No split for food division says Unilever

By Neil Merrett

- Last updated on GMT

Related tags Unilever

The chairman of Unilever has this week hit out at claims that the
group may divide into two separate entities for food and personal
care production to boost its operations.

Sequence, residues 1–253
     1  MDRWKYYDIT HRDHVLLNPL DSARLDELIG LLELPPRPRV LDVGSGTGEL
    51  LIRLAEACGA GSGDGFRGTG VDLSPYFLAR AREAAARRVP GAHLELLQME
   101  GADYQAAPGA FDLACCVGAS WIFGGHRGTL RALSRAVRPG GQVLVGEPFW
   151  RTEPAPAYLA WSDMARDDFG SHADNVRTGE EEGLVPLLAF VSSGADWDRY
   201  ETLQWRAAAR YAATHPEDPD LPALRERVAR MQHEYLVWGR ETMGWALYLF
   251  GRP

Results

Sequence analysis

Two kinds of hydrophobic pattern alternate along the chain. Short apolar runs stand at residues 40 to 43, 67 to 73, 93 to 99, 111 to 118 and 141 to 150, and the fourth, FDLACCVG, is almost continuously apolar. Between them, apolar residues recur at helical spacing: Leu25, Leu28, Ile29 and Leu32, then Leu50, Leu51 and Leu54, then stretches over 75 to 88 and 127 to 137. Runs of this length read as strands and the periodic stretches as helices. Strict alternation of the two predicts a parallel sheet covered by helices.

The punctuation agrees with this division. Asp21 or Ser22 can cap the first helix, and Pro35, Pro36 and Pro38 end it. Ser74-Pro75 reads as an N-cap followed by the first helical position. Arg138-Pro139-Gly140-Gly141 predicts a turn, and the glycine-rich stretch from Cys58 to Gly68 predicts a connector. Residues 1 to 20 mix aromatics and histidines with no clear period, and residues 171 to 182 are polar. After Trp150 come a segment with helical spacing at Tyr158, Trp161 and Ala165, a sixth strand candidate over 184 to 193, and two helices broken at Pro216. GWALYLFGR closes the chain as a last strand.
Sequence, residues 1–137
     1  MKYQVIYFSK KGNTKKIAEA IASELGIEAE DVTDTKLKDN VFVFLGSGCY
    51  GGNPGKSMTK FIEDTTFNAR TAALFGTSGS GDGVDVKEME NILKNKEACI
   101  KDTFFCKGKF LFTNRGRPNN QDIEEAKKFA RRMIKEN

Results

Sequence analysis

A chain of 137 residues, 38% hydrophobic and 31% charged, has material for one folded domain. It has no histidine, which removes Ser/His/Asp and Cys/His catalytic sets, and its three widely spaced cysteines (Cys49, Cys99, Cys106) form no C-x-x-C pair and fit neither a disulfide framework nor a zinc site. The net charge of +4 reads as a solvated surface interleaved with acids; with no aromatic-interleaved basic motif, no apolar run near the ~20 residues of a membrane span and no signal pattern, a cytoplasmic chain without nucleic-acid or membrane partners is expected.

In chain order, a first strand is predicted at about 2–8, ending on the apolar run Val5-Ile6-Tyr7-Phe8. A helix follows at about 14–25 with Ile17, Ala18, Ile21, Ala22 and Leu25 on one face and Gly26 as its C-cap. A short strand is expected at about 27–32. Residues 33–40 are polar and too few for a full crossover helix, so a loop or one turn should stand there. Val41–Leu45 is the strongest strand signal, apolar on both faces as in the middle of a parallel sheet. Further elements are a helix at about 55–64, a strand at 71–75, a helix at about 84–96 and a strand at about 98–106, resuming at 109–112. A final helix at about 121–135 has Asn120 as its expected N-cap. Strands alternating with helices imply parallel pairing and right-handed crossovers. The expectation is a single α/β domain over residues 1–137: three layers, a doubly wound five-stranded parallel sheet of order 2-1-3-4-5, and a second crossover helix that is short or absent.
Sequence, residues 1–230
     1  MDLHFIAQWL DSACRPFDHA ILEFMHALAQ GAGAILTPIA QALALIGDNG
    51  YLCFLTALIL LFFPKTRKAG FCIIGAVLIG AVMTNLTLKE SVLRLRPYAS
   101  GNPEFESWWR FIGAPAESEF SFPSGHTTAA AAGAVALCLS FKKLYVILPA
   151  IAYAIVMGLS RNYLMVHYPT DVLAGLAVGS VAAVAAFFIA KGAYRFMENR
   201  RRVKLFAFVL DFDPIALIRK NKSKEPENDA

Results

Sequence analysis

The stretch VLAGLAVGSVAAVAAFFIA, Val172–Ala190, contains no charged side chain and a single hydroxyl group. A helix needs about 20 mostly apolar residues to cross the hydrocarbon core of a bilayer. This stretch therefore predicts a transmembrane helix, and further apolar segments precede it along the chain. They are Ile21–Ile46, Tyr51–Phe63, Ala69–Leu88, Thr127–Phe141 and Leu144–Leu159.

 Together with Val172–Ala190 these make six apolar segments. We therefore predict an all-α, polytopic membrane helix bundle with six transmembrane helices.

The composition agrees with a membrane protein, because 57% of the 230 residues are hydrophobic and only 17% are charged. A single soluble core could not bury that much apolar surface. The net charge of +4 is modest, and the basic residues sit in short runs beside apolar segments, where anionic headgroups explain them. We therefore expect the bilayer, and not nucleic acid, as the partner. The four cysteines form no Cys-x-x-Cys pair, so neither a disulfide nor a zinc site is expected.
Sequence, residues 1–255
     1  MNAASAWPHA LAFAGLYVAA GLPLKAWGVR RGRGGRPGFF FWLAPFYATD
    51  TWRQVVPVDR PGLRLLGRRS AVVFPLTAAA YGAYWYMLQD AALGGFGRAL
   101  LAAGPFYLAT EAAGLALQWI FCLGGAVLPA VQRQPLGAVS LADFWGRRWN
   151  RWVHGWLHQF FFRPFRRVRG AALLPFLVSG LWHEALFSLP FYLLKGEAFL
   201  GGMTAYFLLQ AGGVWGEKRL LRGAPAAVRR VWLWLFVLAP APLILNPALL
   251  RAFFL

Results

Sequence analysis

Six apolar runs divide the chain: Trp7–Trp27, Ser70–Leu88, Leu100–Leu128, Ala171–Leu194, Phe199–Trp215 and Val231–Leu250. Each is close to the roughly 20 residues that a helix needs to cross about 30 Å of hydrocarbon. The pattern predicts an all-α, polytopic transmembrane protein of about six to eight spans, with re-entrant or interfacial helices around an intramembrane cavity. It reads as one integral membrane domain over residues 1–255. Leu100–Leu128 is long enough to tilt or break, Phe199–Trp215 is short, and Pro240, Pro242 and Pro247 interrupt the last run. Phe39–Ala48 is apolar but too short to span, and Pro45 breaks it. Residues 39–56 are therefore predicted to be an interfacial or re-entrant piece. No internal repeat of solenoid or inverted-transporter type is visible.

Michael Treschow, who took the position just this month, outlined the strategy for his tenure of the company by playing down speculation of a split, during an interview with Dutch newspaper Het Financieele Dagblad. The group has come under growing pressure from rivals within food production over recent years as it looks to expand into new markets. This has fuelled speculation that Unilever may separate personal care production from its food and beverage unit to lift competitiveness within its individual operations. However, Treschow believes that such a strategy would not suit the company, suggesting that its diverse range of products were a key strength. "Product range plays an important role in this sector,"​ he said. "You get much more attention from retailers if you are a larger operator and can offer better conditions ... you lose advantages if you split things apart." ​This stance appears to have been vindicated by its performance during the first quarter of the year, which resulted in a 5.4 per cent rise in underlying sales to €9.5bn during the period. The growth failed to offset decreased margins for the period, which were down to 13.7 per cent from 14.7 per cent over the same period last year. These margins were attributed to when increased restructuring costs, designed to bring food production in line with the success of its personal care brands, took hold. This restructuring has meant some difficult decisions for the group, including shifting Bulgarian production to Romania, in a bid to solicit demand for its products in emerging markets like Eastern Europe. Aside from these difficulties, Unilever remains confident that operating under a single brand will see it maintain its growth ambitions for the future. "The combined benefit of organic growth in our 3-5 per cent guidance range and improved efficiency leaves us well placed to achieve our margin objectives for 2007,"​ stated Unilever's chief executive Patrick Cescau, commentating on its latest quarterly results. Not all within the industry share Unilever's view on operating across a number of product segments though. Earlier this year, confectioner Cadbury announced it was separating its confectionery and US soft drinks businesses, to boost performance and investment within each unit.

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